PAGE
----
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TK's MORNING BUZZ: Netflix's Free-Trial Promotion Capitalizing on Blockbuster's Late-Fee Commotion Is Allan Caplan-Style Guerilla Marketing at Its Best

14 Jun, 2001 By: Thomas K. Arnold

Allan Caplan would be proud.

Caplan, for those who have been in the business for less than a decade, was the feisty "guerilla marketer" who preached hardball competitive tactics to his fellow independent retailers in the late 1980s.

At the time, the Blockbuster machine was just getting into gear, and Caplan, owner of the Nebraska-based Applause Video chain, saw the writing on the wall. He held a series of seminars around the country -- some of them in conjunction with Video Store Magazine -- for his fellow indies, preaching the gospel of down-and-dirty competition.

"Do whatever it takes," was his message and, while Caplan ultimately sold out to the Big Blue Menace he so fervently railed against, his words undoubtedly fired up a good number of other retailers to hang in there and stand ground.

Memories of Caplan came back to me last night as I read the press release from NetFlix, the revolutionary online DVD rental store, touting its latest promotion.

Seeking to capitalize on the wave of publicity riding Blockbuster's offer to settle its late fee suit, NetFlix is making an offer of its own: a free two-week trial membership in NetFlix's subscription rental program to litigants in the class-action suit against Blockbuster.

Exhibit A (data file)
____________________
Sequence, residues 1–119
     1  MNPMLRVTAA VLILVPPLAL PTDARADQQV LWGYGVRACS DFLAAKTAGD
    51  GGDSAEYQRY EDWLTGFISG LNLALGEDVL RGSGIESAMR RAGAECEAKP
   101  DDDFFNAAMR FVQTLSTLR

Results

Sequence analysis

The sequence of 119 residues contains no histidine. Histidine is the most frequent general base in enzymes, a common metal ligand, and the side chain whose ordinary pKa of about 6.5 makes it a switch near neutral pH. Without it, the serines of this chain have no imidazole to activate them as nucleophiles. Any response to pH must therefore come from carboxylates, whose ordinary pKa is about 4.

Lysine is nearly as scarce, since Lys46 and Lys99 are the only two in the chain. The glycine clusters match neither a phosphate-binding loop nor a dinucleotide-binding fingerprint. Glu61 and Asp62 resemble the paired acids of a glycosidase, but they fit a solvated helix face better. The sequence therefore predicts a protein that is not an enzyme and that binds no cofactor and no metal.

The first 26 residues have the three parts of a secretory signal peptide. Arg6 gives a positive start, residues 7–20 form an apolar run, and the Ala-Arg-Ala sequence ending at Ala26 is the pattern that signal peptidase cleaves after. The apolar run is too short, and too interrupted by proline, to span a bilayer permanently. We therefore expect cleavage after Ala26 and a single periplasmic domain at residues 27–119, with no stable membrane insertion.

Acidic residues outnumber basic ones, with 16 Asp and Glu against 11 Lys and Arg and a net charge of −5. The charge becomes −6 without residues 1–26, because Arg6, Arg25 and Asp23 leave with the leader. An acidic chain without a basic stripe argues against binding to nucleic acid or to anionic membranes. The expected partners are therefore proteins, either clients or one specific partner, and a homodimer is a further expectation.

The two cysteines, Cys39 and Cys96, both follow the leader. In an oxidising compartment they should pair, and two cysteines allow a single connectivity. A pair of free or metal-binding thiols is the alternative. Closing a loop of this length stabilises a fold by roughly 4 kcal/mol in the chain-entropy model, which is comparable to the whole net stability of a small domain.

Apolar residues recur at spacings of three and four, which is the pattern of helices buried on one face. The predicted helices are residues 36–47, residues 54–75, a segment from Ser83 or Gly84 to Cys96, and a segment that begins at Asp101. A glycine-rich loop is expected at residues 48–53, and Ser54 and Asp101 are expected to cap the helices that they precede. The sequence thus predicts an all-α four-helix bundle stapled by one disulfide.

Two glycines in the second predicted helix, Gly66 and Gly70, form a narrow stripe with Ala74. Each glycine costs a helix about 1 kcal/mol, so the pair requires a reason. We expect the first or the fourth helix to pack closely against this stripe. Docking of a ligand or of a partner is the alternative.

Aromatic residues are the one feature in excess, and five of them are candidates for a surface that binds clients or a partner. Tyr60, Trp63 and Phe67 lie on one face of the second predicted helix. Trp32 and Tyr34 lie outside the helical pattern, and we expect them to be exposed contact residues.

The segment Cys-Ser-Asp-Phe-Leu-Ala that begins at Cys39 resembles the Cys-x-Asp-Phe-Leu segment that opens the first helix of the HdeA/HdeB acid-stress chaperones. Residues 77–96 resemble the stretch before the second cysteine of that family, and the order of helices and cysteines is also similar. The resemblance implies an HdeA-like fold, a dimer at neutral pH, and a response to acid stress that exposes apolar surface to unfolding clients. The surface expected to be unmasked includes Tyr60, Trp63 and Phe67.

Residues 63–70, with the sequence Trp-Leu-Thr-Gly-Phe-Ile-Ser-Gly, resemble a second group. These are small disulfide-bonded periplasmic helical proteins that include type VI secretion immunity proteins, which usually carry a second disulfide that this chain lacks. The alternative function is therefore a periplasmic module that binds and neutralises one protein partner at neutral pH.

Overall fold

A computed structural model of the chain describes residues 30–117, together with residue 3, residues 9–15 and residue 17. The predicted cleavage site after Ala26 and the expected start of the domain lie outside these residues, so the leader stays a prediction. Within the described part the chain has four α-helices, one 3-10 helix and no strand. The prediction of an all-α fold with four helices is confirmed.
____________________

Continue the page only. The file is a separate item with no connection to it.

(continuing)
From the press release: "NetFlix... is offering consumers who qualify to participate in one of the 23 class-action suits against Blockbuster over late fees an opportunity to eliminate these feesaltogether."

The release notes that while Blockbuster has agreed to settle the legal actions by providing customers with free rental coupons, "late fees, however, will continue to be charged for extended viewing. In contrast, Netflix doesn't have due dates or late fees, offering customers a movieexperience that is free from these worries."

Interested consumers are instructed to visit NetFlix's Web site and enter a special code. "The free two-week trial is available to any Blockbuster customer who feels they have paid unwarranted late fees," the release states, noting that the free trial offer expires July 31.

What chutzpah! At the very least, NetFlix will steal some of Blockbuster's thunder. The strategy this online DVD retailer is pursuing falls straight into one of Caplan's tenets: find out what the competition is doing and find some way to steal some of their momentum.

Good going, guys. Independent retailers should listen and learn from you -- maybe making a similar offer themselves.

And Allan Caplan, well, as I said before, he should be proud. In fact, I'd love to hear from him to see what he thinks. Allan, are you out there?

Comments? Contact TK directly at:TKArnold@aol.com

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